Following his release from prison, Beninois journalist Ignace Sossou paid what he called a “thank you visit” to the offices of the Media Foundation for West Africa (MFWA) at East Legon, Accra, on February 19, 2020.

After a warm “elbow-shake” as the COVID-19 protocols will allow, the journalist who was imprisoned in 2019 in connection with his work, told the MFWA’s Executive Director that he had come to express gratitude and show appreciation to the MFWA for its role in getting him released from prison.

“I cannot thank the MFWA enough for the consistent advocacy you embarked on which contributed to my successful appeal and subsequent release from detention. The prison conditions were terrible, but your fight on my behalf, alongside the efforts of other press freedom organisations, always kept my spirit up,” the journalist said.

Sossou, who works with Benin Web TV, was arrested at his home on December 20, 2019 by agents of the central office for the suppression of cybercrime and brought before a court, which sentenced him to 18 months in prison on December 24, 2019.

His arrest and conviction followed a complaint from Benin’s Public Prosecutor that the journalist, who was covering a conference, had, in a tweet and a Facebook post, taken his words out of context.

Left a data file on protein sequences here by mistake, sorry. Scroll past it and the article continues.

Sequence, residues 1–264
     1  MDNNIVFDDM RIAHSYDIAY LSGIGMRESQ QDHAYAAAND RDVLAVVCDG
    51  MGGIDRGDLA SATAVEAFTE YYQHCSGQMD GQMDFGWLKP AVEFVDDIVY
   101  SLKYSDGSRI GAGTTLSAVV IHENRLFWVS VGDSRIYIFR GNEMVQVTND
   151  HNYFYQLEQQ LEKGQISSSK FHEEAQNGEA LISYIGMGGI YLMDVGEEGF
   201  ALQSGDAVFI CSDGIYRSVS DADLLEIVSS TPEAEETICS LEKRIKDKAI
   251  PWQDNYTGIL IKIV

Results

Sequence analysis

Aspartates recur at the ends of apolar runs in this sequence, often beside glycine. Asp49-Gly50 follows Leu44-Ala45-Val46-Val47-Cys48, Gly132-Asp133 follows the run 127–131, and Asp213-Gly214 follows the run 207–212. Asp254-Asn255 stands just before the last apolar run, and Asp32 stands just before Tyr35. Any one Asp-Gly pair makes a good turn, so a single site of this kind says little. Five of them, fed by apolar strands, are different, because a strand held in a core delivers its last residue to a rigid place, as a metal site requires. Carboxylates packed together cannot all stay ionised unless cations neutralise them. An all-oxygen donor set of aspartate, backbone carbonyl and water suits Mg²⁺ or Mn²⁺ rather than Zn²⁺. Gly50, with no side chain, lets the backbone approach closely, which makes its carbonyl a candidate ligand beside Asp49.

Following Sossou’s imprisonment, the MFWA initiated many actions, including a joint petition with its national partner organisations, for the release of Ignace Sossou. We also joined many international human rights organisations to put pressure on the authorities in Benin to obtain the unconditional release of the journalist.

On March 24, 2020, which was exactly three months after Sossou was arrested, the MFWA again issued a statement calling on the beniniois authorities to end the unjust detention of the journalist.

On April 28, 2020, when the journalist was appearing in court for a hearing, MFWA and seven other press freedom organisations issued a statement calling on the Beninois authorities to release him particularly in view of the risk of infection by Covid-19 during his detention.

On 3 May, MFWA and its national partners sent a petition to the Special Rapporteur on Freedom of Access to Information of the African Commission on Human and Peoples’ Rights (ACHPR), Lawrence Mute, urging him to intervene in the case to secure the journalist’s release.

The pressure from freedom of expression organisations including MFWA contributed to the Court of Appeal commuting the sentence to 12 months, with 6 months suspended. He was finally released on June 24, 2020.

The grateful journalist decided to call at the offices of the MFWA to show appreciation for the organisation’s advocacy efforts which pressurised the Beninois authorities to shave 12 months off his 18-month sentence.

The Executive Director of the MFWA, Sulemana Braimah, praised the journalist for his fortitude and tenacity. He used the opportunity to express concern about the increasing exploitation of cyber-related laws to clamp down on online journalism and activism.